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Going local will be the name of the game

Author Egzakta
Going local will be the name of the game Photo: Egzakta

"Focusing more on local and regional markets, especially due to large supply chain costs and a constant increase in transportation prices, are one of the main pain points we address with our clients," Marko Markovic, Egzakta Advisory, Managing partner, says in an interview for the SEE TOP 100 annual ranking published by SeeNews.

Following is the full text of the interview:

The war in Ukraine, speeding inflation and a growing risk of stagflation in the EU are posing new challenges to business. How are your services changing in response to your clients’ needs?

The war in Ukraine was the trigger for many negative developments in the world economy, which is going through a very unstable period. Prices are rising rapidly, interest rates are being increased to slow down the inflation, energy prices and supply issues are only the tip of the iceberg of problems in the world economy. The EU is under even greater pressure, having in mind its dependence on Russian gas and oil and the need to switch to other sources. The economy is showing the first signs of a recession which could hit us more strongly than anyone expects. And the crisis is not only economic. The healthcare crisis with Covid is still underway, and on top of all that the war in Ukraine is fully changing the geopolitical situation in Europe and all over the world. Add to this the recent US – China tensions around Taiwan. These economic and geopolitical issues are hitting the business and we expect that many companies will struggle to keep their positive results and liquidity in the forthcoming period. Higher interest rates will lead to less investments and development project and will force managers to reduce costs of operations.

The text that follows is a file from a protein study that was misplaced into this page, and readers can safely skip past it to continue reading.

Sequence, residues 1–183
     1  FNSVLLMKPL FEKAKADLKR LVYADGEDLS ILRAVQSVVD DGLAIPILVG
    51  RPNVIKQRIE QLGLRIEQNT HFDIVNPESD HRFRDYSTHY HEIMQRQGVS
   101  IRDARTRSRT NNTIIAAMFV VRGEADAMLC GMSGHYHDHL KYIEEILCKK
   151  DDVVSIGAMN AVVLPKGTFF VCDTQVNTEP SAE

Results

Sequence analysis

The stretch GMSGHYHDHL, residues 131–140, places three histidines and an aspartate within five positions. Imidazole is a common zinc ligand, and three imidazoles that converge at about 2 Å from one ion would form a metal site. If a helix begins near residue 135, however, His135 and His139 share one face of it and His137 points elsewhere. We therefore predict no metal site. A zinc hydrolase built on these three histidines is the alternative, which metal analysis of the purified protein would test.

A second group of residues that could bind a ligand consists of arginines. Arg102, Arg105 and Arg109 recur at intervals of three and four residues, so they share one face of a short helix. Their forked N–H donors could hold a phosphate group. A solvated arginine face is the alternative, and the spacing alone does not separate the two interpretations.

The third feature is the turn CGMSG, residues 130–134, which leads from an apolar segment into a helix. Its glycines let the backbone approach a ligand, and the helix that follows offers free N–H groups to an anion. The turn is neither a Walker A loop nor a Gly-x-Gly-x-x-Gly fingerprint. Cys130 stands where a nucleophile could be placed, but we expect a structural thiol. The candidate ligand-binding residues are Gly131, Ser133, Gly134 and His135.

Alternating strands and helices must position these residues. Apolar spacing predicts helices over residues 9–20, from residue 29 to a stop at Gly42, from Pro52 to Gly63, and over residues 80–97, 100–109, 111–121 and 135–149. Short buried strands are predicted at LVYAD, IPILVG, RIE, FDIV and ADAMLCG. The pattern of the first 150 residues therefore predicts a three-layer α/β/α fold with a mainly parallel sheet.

We as consultants are now advising our clients to go into smart cost-cutting activities, rethink major investments and pay special attention to developing cheaper channels, especially in digital. Focusing more on local and regional markets, especially due to large supply chain costs and a constant increase in transportation prices, are one of the main pain points we address with our clients.

Egzakta offers a range of management consulting and financial advisory services. For which of your services is demand highest and are new business niches opening up?

Our main projects in the past period were in IT, digital, strategy development and operational transformation. We can see that the need for digital and projects is here to stay but we expect that cost cutting and efficiency improvement projects are going to be high on our clients’ agendas. On top of that, as always in a time of crisis, M&A activity will rise, especially for food, IT and AI and IoT companies. Government investments in small and medium size enterprises, especially in the area of localisation and “back home“ projects, are growing as well. Interesting developments are also seen in the gaming and e-sports industries. In the area of financial advisory, the typical suspect would be restructuring and supply chain financing, such as factoring.

ESG has become the buzzword for companies in the past years. How do you incorporate it into your services?

ESG is here to stay. Going green and paying more attention to social issues has been and will remain on the agenda of businesses around the world. However, even though we have had a few such projects, we believe that activity in this area will slow down.